What if the end came not with a bang or a boom or a trumpet blast, the seventh trumpet of Revelations that is, heralding the final woe of the Apocalypse.
No, what if the end were self-inflicted?
What if all it took was a breakdown of the political system we all take for granted to trigger the ultimate collapse of civil society? A collapse significant enough to cause a run on the bank and the gas pumps and the grocery store shelves.
That's a doomsday scenario. And that's the lens through which doomsday preppers view what's been going on in Washington this week.
“The economy is by far No. 1. I would say 80 to 90 percent of the people that I deal with are concerned about where the country is heading economically,” said Scott Hunt. “They are worried about their future jobs. Or they're worried about their children, their grandchildren, where they're gonna get their jobs from.”
Hunt is a prepper who runs a doomsday academy of sorts in South Carolina, training people to be self-sufficient in the end of days. His company Practical Preppers is a one-stop shop for survival. The last few weeks, he says, business has been booming.
He’s also a consultant for the National Geographic Channel show "Doomsday Preppers."
To preppers, it doesn't matter if anarchy is brought on by natural or man-made disaster. Doesn't matter whether it's encouraged by left-wing activists angry at big corporations. Or right-wing activists angry at big government. Either way, the result they see is the same. In the future they see, it's every man -- and every woman -- for themselves.
Curt is one of the stars of the new season of "Doomsday Preppers" and says he’s preparing for an economic collapse.
“The government has been infiltrated,” he said. “It's been infiltrated by corporations, banks, financial institutions, labor unions, and a lot of special interests.”
What scares him the most is the crushing burden of U.S. debt. Yes, even the deficit means doomsday to some people.
“When our $16 trillion becomes due, we would be in big trouble and the government will be shut down basically,” said Curt.
Christine and Zoltan Hites don't necessarily look like survivalists. She's a stay-at-home mom. He's a tennis instructor. They recently spent $800 each and a 3-day weekend learning how to escape if you're handcuffed in the trunk of a car.
“Something's on the rumble,” said Christine Hites. “And I think most people are anxious. Most people can feel it. Who knows what it's going to be or where it's going to be. But I'd like to be prepared. I worry about my girls and myself. And if something were to happen to [my husband] I want to learn how to take care of myself just as easily.”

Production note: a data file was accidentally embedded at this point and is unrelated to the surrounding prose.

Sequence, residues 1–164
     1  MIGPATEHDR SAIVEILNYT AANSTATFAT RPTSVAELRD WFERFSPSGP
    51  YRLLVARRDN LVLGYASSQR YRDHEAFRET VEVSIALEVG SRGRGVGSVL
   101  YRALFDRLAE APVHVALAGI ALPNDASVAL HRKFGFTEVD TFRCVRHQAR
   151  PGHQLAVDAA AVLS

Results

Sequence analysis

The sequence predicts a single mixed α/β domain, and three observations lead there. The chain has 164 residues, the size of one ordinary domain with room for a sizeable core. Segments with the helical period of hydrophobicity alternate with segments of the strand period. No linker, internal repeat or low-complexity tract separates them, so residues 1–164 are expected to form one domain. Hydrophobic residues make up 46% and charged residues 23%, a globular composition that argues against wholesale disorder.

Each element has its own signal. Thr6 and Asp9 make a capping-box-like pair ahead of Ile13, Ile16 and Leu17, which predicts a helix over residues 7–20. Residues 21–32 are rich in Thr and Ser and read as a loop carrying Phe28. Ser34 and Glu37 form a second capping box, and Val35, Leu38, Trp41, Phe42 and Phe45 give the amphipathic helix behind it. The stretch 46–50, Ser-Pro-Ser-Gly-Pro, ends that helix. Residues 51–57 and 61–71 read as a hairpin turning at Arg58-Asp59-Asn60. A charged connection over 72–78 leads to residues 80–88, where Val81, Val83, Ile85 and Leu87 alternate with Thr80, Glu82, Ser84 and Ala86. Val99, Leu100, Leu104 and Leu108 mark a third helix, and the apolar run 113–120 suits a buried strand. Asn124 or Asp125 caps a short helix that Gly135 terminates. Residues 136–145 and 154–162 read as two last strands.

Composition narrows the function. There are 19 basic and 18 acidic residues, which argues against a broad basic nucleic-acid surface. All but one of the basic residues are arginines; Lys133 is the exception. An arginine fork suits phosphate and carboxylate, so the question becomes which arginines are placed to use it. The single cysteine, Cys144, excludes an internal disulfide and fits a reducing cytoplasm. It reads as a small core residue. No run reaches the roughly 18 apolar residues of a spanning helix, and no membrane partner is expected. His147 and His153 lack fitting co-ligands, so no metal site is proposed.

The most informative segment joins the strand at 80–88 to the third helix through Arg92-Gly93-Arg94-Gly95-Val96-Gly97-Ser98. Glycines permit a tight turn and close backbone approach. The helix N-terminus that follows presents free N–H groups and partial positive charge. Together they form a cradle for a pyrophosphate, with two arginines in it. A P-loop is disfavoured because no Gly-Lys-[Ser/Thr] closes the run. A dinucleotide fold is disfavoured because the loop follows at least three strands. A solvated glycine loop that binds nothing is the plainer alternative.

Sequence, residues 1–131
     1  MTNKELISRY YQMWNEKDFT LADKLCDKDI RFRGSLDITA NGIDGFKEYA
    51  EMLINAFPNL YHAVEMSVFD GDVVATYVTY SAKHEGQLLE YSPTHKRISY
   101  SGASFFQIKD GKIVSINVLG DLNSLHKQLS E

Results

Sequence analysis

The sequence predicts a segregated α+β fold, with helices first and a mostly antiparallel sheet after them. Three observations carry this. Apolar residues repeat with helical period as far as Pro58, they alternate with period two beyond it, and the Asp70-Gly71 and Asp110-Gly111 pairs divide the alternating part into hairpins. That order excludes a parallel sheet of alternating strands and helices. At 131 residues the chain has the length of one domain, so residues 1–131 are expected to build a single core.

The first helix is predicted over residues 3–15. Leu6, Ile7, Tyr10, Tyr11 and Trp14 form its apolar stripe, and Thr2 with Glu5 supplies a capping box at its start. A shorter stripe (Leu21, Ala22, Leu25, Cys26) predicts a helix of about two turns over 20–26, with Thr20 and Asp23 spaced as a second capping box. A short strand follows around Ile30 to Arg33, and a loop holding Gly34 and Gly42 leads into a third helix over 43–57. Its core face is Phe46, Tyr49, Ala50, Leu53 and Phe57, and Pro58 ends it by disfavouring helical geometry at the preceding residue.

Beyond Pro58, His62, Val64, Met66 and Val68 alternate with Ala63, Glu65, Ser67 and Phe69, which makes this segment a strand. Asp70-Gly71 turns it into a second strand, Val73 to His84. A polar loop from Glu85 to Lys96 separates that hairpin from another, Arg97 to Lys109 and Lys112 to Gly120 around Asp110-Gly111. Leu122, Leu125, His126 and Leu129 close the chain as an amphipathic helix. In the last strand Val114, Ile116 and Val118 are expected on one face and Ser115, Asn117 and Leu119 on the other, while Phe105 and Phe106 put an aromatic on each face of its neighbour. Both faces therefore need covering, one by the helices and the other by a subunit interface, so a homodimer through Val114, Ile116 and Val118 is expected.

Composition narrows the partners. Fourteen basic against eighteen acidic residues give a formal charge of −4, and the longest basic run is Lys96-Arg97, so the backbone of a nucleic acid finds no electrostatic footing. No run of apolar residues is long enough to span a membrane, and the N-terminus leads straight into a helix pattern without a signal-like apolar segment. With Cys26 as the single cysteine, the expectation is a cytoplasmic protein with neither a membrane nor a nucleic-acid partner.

Their survival instructor Kevin Reeve -- who used to market software for Apple -- says increasingly the people he trains are white collar folks like the Hites.
“I'm getting a lot more citizens,” said Reeve. “Just normal everyday civilian American citizens who say, ‘You know what? Things are not going so good.’”
These folks are not crazy. In fact, you could argue that concern about the future of humanity is part of what makes us human. Over the centuries, the collective response to those existential concerns has given rise to the world's great religions. Faith -- of any sort -- may well be the ultimate manifestation of survivalism. A bulwark against humanity's extinction.
In the modern era, technology has given us new things to fear and new ideas how to survive. Baby-boomers grew up with it. So it's hardly surprising so many should turn to it now. They fall into two basic camps.
There are the preppers. People like Tim Ralston, stockpiling for the inevitable with a garage crammed with canned food and water purification systems. And weapons. Lots of weapons and ammo. He's planning to bury his cache in a container deep in the desert. And he's training his sons to defend it.
At the other extreme there are people who take a less aggressive approach. Not the preppers, but the wilderness survivalists.
People like Tom Brown who runs a school where he trains people to live off the land. They see the preppers as potential victims of their own preparation.
“Looking at that approach to survival, you are in prison,” said Brown. “You're in prison by your structure, you're in prison by your supplies, your ammunition, your guns. In fact there are maps on the Internet that tell you where these bunkers are. I don't wanna be in one of those bunkers, because it's called a supermarket.”
As of last night, both the preppers and the survivalists can breathe a bit easier. The fact that in Washington doomsday didn't come this time doesn't convince them they were wrong to fear it. As they see it, they now have a bit more time to get ready.